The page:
Riots broke out on Manus Island last week after detainees were briefed of resettlement to Papua New Guinea (PNG). In actuality, there is no processing going on. Thompson said the asylum seekers are smarter than the script they were instructed to say. About a hundred detainees were injured following an attempt by 35 to escape. Violent clashes followed leaving Berati fatally injured in the head. Local PNG residents were alleged to have attacked the detention center resulting in clashes between the detainees, the guards, and police.

Investigation is ongoing while Prime Minister Tony Abbott’s Immigration Minister Scott Morrison has been under fire from various groups for his “incompetence” to do a high profile job.

A shrine for Reza Berati during a candlelight vigil in support of asylum seekers in Brisbane, Sunday, Feb. 23, 2014. The nationwide vigil was held to mourn the death of the 23-year-old Iranian who died in a detention centre on Manus Island after he sustained a fatal head injury outside the centre on February 18. (AAP Image/Dan Peled)

Waleed Aly, in his column at The Age, earlier said the death of Berati is the logic of the policy– to sanction horror.

This is the very logic of our asylum seeker policy – which is built on the sole rationality of deterrence – to create horror. We’re banking on it. That’s emphatically the point. So now, let us make this calculus finally explicit: whatever these people are fleeing, whatever circumstance makes them think they’d be better off chancing death on boats hardly worthy of that description, we must offer them something worse. That something is PNG.

The worse it is, the more effective it is destined to be, and the more it fulfils the philosophical intentions of the policy. Put simply, this tragedy is not any kind of evidence of policy failure. It is, in fact, the very best form of deterrence. This is what it looks like when the policy works.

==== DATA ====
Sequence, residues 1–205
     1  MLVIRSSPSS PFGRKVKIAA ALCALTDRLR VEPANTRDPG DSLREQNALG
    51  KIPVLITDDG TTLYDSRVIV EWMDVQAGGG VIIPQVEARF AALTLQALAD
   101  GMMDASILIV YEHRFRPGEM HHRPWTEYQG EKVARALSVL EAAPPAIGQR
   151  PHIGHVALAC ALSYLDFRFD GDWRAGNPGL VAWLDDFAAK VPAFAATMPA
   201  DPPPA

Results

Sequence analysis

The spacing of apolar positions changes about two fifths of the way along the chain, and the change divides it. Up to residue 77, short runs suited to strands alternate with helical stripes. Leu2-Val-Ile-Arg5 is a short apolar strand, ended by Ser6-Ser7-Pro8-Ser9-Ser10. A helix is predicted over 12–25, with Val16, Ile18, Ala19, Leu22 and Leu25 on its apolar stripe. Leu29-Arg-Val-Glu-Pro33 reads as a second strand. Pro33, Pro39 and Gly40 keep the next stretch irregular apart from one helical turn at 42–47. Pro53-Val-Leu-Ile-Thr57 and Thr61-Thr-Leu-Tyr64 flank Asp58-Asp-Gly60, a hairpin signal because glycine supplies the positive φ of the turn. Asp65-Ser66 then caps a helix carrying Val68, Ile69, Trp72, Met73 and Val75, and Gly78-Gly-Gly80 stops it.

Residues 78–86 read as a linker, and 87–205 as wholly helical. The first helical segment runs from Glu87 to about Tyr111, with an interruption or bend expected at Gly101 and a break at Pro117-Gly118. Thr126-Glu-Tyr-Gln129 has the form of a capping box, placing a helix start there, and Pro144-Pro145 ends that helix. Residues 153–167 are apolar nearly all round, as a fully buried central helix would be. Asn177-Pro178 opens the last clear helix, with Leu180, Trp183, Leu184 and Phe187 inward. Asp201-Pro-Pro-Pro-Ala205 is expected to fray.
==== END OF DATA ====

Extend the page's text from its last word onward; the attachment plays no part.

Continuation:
Grassroots hold rally

Rallies and vigils were held nationwide to condemn the current government policy. Last Friday, more than 2,000 people marched in an emergency rally in Melbourne to press the government to shut down Manus detention camp.

Thousand of people march in Melbourne to condemn the death of an asylum seeker in Manus Island. (Photo: Daniel Taylot/Socialist Alternative

The demonstration began at the State Library and was culminated at the Department of Immigration and Border Protection. The crowd included Greens MP Adam Brandt; Mohammad Baqiri – a refugee detained on Nauru under John Howard; Michele O”Neil – state secretary of the Textile Clothing and Footwear Union; and Pamela Curr of the Asylum Seeker Resource Centre.

Speakers condemned the policy as well as the complicity of the Australian Labor Party (ALP). The ALP, under the then Julia Gillard and Kevin Rudd governments transacted the re-opening of Manus detention camp.

Protesters stormed the building of the Department of Immigration and Border Protection, Melbourne. (Photo: Daniel Taylor/Socialist Alternative)

Abbott nailed the fate of asylum seekers on Manus when he won the federal election in September last year.

O’Neil said what is going on in Manus is currently in the hands and responsibility of Abbott and his immigration minister.

Curr urged, “We have to maintain the rage because, if we don’t, they will just wipe over and Reza Berati will be just another victim of a brutal Australian regime….”

Protesters chanted “Close Manus now!” Some threw fake blood on the windows of the building while the crowd chanted “Abbott, Morrison: Blood on your hands”.

Protesters will hold another rally to demonstrate refugees rights March 1.

Candlelight vigils nationwide